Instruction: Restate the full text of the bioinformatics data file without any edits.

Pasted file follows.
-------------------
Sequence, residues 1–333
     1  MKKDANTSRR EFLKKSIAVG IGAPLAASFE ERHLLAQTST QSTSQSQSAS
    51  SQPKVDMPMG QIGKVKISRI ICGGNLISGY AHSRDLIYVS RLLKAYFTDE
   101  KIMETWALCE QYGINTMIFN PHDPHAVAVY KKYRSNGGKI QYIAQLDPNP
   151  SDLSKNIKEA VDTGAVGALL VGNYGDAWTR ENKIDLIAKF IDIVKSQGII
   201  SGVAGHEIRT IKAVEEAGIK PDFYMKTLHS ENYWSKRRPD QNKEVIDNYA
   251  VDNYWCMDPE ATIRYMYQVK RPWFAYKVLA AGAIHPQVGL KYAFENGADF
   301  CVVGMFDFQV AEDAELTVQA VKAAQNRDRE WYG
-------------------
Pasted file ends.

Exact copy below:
Sequence, residues 1–333
     1  MKKDANTSRR EFLKKSIAVG IGAPLAASFE ERHLLAQTST QSTSQSQSAS
    51  SQPKVDMPMG QIGKVKISRI ICGGNLISGY AHSRDLIYVS RLLKAYFTDE
   101  KIMETWALCE QYGINTMIFN PHDPHAVAVY KKYRSNGGKI QYIAQLDPNP
   151  SDLSKNIKEA VDTGAVGALL VGNYGDAWTR ENKIDLIAKF IDIVKSQGII
   201  SGVAGHEIRT IKAVEEAGIK PDFYMKTLHS ENYWSKRRPD QNKEVIDNYA
   251  VDNYWCMDPE ATIRYMYQVK RPWFAYKVLA AGAIHPQVGL KYAFENGADF
   301  CVVGMFDFQV AEDAELTVQA VKAAQNRDRE WYG